This is not an end-all, be-all list. There are many opportunities for seasonal employment in Alaska. It truly depends on what type of work you are interested as well as where you want to live. Keep in mind when Google kicks back your list of potential employers, it is going to give you the big employers first such as Princess and Holland America. Look beyond those two if they don’t appeal to you. Anywhere there is one of their lodges or a port their ships dock, there are restaurants, other hotels, shops and tour companies that need employees. Some provide employee housing and some do not. Keep that in mind.

Working in Alaska is not for everyone. You must take into consideration the isolation. Depending on the place you are working, you may be surrounded by people all day long; however, the location may be very remote. Which means, if you need to go to the grocery store or want to go to the movies, you have to find a ride to the nearest city 2, 3 or 4 hours away.

Personally, I love it here and recommend the experience to anyone who asks. This is my second season in the Denali area and I already have plans to return for a third season.

Get paid to visit Alaska. You got the job. You’ve achieved the hard part and got yourself here. Now, go and visit other areas. Take the train to another town. Rent a car and drive around. Get that hook up with a flight tour that other people talk about.

Go and see your newly adopted work place!

How to Get Paid to Visit Alaska at

Tricia Krohn
Traveler – Author – Blogger, The Adventure List
The Adventure List 10 Places to Eat Some Damn Good Pizza

Travel and Inspirational Blogs

A Word about WWOOFing

No, I am not talking about some new age travel trend that involves barking like a dog. I am talking about the World Wide Opportunities on Organic Farms (WWOOF). Now I understand anything having to do with the word “farm” is not the first thing that usually comes to people’s minds when they are planning a trip. Stay with me for a minute, what if I asked you to imagine being in Tuscany and making wine on a beautiful vineyard? What about making French bread and cheese in France? Growing coffee in Ecuador? Sounds a little more appealing now doesn’t it? The great thing about WWOOFing is that you can have these fantastic experiences and accommodations and food are provided in exchange for about 4-5 hours of work a day.

The WWOOF concept began in England in the 1970’s with the intention of providing “city slickers” an opportunity to go to the countryside in order to support local farms and the organic movement. With farm-to-table demands growing in popularity, the WWOOFing idea spread from England and has now grown into a worldwide organization that has over 99 affiliated countries. The goal is multifaceted; promote cultural exchange and knowledge, and by helping local farmers further a global sustainable community, one farm at a time.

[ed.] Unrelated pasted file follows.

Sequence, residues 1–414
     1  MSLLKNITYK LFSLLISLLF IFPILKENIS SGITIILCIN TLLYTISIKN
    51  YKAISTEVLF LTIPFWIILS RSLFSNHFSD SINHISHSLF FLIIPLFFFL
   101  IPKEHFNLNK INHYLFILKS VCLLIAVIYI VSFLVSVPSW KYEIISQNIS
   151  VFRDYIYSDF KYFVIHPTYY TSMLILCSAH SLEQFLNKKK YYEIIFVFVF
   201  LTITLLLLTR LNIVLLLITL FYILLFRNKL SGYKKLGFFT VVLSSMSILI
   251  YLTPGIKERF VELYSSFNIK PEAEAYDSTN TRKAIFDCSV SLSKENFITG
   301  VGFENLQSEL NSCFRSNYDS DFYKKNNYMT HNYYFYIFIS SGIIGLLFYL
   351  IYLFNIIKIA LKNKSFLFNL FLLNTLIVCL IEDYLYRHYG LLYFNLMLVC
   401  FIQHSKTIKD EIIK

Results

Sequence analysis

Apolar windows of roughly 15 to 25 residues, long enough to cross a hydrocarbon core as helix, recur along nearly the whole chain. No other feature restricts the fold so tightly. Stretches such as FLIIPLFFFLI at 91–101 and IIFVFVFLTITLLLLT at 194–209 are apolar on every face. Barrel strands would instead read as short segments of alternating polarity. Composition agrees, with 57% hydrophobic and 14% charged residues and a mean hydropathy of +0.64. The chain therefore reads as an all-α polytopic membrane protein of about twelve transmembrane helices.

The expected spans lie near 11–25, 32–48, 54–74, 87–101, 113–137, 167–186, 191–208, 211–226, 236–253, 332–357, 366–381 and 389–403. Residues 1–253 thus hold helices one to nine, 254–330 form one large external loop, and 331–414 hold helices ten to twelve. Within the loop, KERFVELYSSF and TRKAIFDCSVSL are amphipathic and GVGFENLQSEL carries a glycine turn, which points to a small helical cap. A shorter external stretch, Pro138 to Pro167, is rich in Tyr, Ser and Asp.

WWOOFing is a fantastic way to travel cheaply with the food and board taken care of, but it is not exclusively for budget backpackers. The richest part of the experience is really getting to know the local community and experience another country in a way few people ever get to do. In addition to working with the local community you will often meet other WWOOFers from all over the world. This is not an ordinary trip but a chance to personally grow and positively impact the local sustainable community. Global change happens one person at a time.
Each country has its own WWOOF organization and you have to buy membership for each country you are interested in WWOOFing in. For example if you want to WWOOF in New Zealand, you have to buy a membership to the New Zealand chapter. Once you become a member for that specific country you will scroll through dozens of pages from hosts looking for a variety of work. From basic wedding pulling, working as a barista at an organic coffee shop, training horses, to even computer and IT support – there is a niche for just about any talent. If you are up for adventure than WWOOFing might be for you. The minimum age is 19 and there is no age limit (as long as you are able to accomplish the work you sign up for). Duration of farm stays range for six days to six months or longer, all depending on what you want and what the needs of your hosts are.

I always try to remember that the best part about travelling is the experience. The experience starts from the moment you walk out your front door and head to the airport. Relax, let go, and do not let fear of unknown phase you; be of an open mind and heart and you just might find that WWOFing is for you!

For more information please the organizations website,